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I Forge Iron

IronPuppet from Saskatchewan


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Greetings, fellow smithees. I happened upon this site by accident. A happy accident, I might say. You see, I have more than just a few hobbies and sometimes they overlap. One of the things I like to do is carve wood. I seem to gain the most satisfaction when I carve wood with tools I've made myself.

When I was a lad I spent my summers in Barkerville Historic Park, a goldrush mining town of the 1860's in the center of British Columbia, Canada. One of the things that has been restored in that town is a blacksmith shop. It was run at the time by an old fellow named George who had a thick, almost indecipherable, German accent. George was quite the metalsmith and would make fantastic things out of steel to exhibit his prowess. I remember once he made an iron mushroom with a wrought iron butterfly perched on it. I used to hang around and help when I could and he was kind enough to tell me a thing or two about being a blacksmith and tricks of the trade. And that is where I cut my teeth.

Things being what they are, I grew older, other interests took my attention until I was in my mid 20's. I built a forge at my friend's shop and made some tools. My friend used to work on Model Ts and Model A Fords. Some of the steering parts need to be worked in a forge to align them properly and we used my forge for that. I also had a go at casting aluminum parts with the lost wax casting method, which turned out to be a disaster due to my lack of experience with this technique.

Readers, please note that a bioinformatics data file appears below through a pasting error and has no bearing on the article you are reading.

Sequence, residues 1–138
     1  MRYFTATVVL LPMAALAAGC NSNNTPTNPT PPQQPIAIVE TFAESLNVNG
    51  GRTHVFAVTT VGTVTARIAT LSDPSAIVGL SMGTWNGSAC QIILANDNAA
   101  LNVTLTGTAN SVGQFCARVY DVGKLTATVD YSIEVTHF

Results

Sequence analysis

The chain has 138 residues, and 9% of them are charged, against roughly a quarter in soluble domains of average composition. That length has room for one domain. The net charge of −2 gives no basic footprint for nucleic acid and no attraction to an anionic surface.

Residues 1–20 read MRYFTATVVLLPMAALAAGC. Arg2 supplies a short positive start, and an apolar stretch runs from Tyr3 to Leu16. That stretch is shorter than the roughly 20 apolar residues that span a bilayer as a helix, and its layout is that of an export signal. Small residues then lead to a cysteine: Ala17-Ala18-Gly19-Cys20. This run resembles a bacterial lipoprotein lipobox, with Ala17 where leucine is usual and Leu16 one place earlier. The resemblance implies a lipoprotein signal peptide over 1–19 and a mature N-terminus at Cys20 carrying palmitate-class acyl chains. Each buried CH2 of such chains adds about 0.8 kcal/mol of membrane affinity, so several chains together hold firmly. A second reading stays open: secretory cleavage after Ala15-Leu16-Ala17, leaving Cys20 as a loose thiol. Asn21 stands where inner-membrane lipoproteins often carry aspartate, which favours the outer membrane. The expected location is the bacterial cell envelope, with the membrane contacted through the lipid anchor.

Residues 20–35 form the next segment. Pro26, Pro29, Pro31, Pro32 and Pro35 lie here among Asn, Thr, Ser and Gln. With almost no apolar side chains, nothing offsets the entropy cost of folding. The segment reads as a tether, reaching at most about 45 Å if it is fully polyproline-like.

So recently, about 20 years on, I've taken up wood carving again and I am about to set up my forge again, too. I'm going to have a go at making my own carving tools, like "U" gouges and "V" gouges and fishtail gouges. I am also going to have a go at making some small hand adz (sp.). I'm still gathering parts for my forge. I got a big old truck rim I'm going to use for the hearth. I have an anvil but it isn't very big. It should be big enough for what I'm going to do, though. And, of course, an assortment of hammers and things. Last summer, I got a good job and was able to acquire a mig welder and a set of torches and a cutoff saw so I have my steel working tools back after a long absence from my life. I know I could probably buy these tools for cheap. A dandy fishtail gouge from Lee Valley Hardware is only about $15 but where's the challenge in that? I also plan to make some gardening tools for another one of my passions.

So here I am eager to learn. Please fill my head with knowledge and grant me the gift of technique and I will be forever grateful.

Yours sincerely,

Christopher, a.k.a. The Iron Puppet

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This site has a bunch of projects called blueprints. Start with BP0300, then read them all. Build the things you feel you can accomplish. Read them a second time and the projects you once thought were too difficult will now seem simple. The rest of the site is like a treasure hunt, you can find pearls of wisdom scattered everywhere.

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